Markets are based on a balance of control and demand. Socialist system did not have a market. Full stop. It was centrally controlled, with salary used as one of the tools. Much of economy were not even monetary: the state could do whatever they deemed needed, with the only constraint of limited resources. Almost free transport, accommodation, education, medical services were part of that. As were the poverty, and lack of goods and services. Because you get a salary, barely covering cost of food? Well Henry, give us your take on this.
It's no good saying "I don't think that word means what you think it does," without letting us know what you think we think it means. The main problem is where to draw the 'redistribution line'. The other problem is that any government enterprise is doomed to inefficiency and economic failure because all the talent ends up in the private sector. If you doubt this statement then you have never worked in both sectors to compare them. I have worked in big Businesses, small businesses, own business, Government s , contractor. So here's how it goes. There is not a one size fits all simpleton mantra.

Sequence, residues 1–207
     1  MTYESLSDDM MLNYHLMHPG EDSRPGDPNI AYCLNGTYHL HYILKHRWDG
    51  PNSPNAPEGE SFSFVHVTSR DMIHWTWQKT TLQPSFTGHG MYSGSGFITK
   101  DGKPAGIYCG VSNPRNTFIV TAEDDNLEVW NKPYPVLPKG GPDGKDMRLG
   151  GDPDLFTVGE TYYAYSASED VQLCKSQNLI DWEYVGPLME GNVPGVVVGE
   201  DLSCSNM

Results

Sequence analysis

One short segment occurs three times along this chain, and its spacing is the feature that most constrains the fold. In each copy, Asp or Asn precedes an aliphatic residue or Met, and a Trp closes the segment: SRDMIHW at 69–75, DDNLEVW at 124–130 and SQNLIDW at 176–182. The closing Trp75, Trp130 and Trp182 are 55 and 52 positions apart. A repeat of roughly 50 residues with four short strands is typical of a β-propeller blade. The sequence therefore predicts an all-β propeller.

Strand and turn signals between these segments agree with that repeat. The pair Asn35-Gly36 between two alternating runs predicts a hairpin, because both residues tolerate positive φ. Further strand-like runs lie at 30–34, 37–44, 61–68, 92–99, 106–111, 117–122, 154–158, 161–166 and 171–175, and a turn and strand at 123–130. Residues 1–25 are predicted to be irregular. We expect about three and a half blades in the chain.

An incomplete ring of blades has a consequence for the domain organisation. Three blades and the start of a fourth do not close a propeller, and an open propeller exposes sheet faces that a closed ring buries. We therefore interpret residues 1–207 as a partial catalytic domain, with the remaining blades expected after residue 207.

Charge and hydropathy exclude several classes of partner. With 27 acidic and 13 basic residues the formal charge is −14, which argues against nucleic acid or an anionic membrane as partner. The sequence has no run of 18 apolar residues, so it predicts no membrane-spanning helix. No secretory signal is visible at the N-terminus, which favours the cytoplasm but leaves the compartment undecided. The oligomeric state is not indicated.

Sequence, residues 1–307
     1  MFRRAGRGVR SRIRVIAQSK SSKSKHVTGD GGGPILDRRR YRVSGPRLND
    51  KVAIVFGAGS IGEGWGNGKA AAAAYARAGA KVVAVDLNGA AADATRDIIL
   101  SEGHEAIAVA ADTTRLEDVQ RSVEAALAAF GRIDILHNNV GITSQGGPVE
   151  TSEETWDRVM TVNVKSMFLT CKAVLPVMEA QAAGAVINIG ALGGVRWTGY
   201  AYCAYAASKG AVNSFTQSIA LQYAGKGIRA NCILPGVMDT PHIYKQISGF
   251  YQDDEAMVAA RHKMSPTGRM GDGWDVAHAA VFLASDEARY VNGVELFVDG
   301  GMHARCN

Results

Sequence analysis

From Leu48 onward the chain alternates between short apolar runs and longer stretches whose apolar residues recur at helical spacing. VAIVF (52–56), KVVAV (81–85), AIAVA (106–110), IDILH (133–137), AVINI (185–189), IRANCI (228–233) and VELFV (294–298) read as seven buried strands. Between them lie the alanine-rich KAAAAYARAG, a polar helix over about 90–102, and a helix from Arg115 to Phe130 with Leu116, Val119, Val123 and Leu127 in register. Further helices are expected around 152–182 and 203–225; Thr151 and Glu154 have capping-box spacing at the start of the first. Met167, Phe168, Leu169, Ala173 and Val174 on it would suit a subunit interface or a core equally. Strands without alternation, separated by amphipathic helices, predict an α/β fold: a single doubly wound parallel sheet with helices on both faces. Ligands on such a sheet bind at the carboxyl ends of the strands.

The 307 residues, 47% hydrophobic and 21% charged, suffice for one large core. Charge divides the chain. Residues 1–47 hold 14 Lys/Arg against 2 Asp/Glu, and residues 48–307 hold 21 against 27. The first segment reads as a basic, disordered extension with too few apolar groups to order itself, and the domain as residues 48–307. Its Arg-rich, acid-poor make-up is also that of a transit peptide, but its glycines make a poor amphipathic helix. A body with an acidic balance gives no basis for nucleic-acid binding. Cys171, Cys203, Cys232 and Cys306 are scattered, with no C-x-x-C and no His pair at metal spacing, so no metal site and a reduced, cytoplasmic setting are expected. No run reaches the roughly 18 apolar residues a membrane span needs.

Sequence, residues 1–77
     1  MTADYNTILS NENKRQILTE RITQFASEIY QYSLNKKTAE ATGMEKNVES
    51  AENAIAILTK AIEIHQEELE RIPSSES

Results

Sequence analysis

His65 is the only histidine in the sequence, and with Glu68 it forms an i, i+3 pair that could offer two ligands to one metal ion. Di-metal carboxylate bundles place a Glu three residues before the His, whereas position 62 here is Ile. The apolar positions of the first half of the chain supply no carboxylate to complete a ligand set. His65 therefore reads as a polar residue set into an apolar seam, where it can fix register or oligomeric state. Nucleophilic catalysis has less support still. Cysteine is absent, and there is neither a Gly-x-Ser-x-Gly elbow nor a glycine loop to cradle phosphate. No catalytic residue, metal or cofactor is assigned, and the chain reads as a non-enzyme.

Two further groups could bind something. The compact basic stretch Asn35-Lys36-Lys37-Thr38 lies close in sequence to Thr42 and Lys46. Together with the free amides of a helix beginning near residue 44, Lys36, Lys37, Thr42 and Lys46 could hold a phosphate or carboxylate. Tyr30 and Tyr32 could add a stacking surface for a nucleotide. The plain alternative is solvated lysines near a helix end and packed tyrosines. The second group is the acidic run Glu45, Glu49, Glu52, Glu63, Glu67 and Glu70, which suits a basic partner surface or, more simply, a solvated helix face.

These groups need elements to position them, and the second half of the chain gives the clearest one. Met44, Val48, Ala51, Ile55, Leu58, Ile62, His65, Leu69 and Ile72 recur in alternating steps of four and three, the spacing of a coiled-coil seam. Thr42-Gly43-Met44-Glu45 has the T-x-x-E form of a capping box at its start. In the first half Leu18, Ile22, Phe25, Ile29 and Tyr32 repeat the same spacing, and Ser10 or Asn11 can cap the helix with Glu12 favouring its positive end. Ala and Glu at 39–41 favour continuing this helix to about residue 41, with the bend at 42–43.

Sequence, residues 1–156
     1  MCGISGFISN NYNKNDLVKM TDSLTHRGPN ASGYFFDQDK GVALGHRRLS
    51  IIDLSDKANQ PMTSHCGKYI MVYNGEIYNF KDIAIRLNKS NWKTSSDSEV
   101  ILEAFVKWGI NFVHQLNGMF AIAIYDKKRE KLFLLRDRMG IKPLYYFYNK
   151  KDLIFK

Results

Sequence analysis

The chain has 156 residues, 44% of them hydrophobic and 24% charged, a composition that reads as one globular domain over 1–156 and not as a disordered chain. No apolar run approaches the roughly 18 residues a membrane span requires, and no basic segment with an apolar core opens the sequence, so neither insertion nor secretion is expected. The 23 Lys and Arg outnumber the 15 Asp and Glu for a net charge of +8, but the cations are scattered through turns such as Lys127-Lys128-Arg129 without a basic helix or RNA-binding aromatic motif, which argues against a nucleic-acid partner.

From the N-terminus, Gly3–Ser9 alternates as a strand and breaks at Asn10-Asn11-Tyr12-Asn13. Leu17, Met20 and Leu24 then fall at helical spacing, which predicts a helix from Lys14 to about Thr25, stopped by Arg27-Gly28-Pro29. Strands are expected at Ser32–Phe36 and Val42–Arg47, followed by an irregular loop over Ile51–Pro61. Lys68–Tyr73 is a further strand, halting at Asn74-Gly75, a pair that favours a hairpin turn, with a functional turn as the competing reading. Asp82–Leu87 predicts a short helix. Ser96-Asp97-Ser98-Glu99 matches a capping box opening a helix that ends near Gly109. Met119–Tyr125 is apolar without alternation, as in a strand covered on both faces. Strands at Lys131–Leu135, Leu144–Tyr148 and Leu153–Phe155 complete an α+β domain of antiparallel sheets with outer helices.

Yes, you are right, in general the pivate sector can massively outbid the public to purchase the "talent" it wants. Any attempt by the public sector to keep its talent by paying higher salaries is met by a storm of abuse, as is witnessed by thte current ABC salaries witch-hunt. There are other inbuilt obstacles to public sector efficiency as well: as a simple example look at the furore over parliamentarians' travel allowances. How much time do you think a private sector CEO spends agonising over his expences?
The bottom line is, as ever, if you pay peanuts you get monkeys. If you want an efficient public service you have to pay for it. Baska, are you really defending the ABC? You know, that organisation that exists, for the benefit of the left wingers, to try to bring Australia down. I hope Abbott brings the guillotine down on this flagrant example of a waste of taxpayers money. Yes I am, and proudly! It is far more open, accountable, accurate, responsible and responsive than the commercial media. And it does this at a fraction of the cost of for example the commercial TV networks.